In many libraries, we see collections that do not meet the needs of their users. This problem can affect small rural public libraries with limited budgets and prestigious academic libraries that have comprehensive print and electronic holdings. It’s easy to understand the problem of limited funds, but if a library has an excellent collection why would it fall short in meeting the needs of the library’s patrons? What’s the problem?

A collection is only as good as the methods we have to create access to it. You can have the most comprehensive and well-chosen collection, but if it is difficult to access, people will not use it. All of those fantastic and expensive databases and full-text journals you subscribed to are as good as useless if people can’t easily get to them or find what they’re looking for. Your wonderful print resources will not be found by students if they are unable to use your catalog properly. In many libraries it is the electronic middleware that is a problem, not the collection itself. It is the library’s catalog and methods of providing access to full-text journal articles. Having usable middleware between the users and the collection is just as important as the collection itself.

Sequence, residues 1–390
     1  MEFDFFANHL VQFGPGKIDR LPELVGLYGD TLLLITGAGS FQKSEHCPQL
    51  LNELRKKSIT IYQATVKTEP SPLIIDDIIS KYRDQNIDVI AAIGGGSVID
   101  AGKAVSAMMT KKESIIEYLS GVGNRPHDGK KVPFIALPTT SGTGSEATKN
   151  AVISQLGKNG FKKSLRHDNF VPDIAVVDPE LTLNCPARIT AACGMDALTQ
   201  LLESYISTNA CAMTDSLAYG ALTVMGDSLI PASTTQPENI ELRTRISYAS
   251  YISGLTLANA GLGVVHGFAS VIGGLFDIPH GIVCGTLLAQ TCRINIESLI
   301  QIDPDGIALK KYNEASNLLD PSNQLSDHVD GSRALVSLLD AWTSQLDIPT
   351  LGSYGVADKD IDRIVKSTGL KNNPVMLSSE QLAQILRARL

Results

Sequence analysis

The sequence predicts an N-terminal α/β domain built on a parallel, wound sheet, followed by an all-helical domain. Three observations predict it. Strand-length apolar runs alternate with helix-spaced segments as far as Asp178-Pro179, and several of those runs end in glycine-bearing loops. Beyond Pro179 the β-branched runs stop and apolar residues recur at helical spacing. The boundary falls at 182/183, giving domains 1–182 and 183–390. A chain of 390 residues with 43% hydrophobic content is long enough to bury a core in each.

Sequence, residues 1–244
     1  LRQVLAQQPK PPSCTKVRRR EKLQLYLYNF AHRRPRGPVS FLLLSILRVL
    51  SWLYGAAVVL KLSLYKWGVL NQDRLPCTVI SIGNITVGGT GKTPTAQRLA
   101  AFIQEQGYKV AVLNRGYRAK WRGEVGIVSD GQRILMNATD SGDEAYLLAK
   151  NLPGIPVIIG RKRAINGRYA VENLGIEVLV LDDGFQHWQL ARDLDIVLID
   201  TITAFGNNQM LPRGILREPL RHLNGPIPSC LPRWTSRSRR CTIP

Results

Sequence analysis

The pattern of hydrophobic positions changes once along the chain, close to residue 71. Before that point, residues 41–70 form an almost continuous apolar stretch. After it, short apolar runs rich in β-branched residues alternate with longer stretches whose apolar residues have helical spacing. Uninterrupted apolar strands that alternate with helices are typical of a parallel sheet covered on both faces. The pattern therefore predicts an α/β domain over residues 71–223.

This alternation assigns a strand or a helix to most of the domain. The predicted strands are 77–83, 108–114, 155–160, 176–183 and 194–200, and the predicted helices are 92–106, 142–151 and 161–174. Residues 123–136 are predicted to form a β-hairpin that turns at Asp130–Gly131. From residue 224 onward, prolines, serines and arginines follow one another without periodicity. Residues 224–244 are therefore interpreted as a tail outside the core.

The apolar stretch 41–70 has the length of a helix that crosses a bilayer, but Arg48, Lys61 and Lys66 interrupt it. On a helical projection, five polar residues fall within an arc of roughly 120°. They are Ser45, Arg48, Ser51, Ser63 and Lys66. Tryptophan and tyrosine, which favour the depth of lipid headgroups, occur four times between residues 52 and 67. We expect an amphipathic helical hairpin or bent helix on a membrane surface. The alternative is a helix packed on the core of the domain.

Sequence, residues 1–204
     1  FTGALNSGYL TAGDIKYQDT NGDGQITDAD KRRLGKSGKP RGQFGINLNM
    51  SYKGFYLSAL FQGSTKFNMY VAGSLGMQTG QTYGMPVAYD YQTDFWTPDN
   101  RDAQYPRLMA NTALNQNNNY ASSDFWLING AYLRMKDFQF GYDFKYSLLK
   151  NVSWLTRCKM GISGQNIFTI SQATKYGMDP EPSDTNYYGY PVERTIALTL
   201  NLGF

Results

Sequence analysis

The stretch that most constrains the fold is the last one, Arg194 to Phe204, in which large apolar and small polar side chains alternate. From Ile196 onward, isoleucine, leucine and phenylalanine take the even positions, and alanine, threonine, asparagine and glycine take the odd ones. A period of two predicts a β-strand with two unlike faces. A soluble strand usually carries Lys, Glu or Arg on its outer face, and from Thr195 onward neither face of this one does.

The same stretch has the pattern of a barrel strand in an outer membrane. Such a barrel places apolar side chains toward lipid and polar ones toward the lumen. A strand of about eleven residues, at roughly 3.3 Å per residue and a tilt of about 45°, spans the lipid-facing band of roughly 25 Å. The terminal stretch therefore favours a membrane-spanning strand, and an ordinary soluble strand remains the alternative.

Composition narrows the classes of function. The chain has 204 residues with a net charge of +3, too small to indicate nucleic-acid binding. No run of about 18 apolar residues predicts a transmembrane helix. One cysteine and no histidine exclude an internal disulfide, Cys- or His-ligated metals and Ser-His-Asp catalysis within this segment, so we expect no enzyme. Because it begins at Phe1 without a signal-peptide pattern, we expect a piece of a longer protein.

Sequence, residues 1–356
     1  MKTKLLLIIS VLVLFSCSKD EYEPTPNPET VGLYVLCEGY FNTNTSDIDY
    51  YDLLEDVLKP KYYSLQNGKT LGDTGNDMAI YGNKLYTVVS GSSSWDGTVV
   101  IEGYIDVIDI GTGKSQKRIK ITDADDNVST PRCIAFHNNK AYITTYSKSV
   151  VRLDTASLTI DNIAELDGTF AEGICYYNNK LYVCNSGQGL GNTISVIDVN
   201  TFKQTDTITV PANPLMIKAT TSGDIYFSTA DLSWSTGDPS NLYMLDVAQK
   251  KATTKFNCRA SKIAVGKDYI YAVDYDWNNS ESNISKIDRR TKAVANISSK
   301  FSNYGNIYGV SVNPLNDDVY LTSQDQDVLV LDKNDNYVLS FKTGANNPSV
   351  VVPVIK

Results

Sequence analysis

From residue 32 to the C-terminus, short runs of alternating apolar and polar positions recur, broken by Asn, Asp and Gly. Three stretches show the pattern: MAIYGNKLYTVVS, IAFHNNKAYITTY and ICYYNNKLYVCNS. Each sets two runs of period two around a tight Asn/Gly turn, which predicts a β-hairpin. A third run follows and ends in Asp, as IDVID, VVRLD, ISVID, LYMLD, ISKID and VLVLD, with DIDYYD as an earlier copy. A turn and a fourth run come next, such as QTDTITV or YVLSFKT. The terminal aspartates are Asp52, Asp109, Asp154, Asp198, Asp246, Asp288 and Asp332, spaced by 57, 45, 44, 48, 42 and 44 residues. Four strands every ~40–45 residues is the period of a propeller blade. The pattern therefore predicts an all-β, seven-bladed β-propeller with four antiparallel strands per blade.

Many librarians have decried the fact that students are using Google more and more for their research. The reason they use Google is because it’s easy. While the quality of the information retrieved is not as reliable as that found in academic databases, there is no denying that Google is easy to use. And the only way libraries are going to convince dedicated Google users to use library databases is to make them easy to use as well. I guess the real question is this: should we be fixing the users or fixing the system? Information literacy is obviously important, but we should not simply teach the students to conform to an imperfect system. We should be making the system conform to the needs of the students and faculty.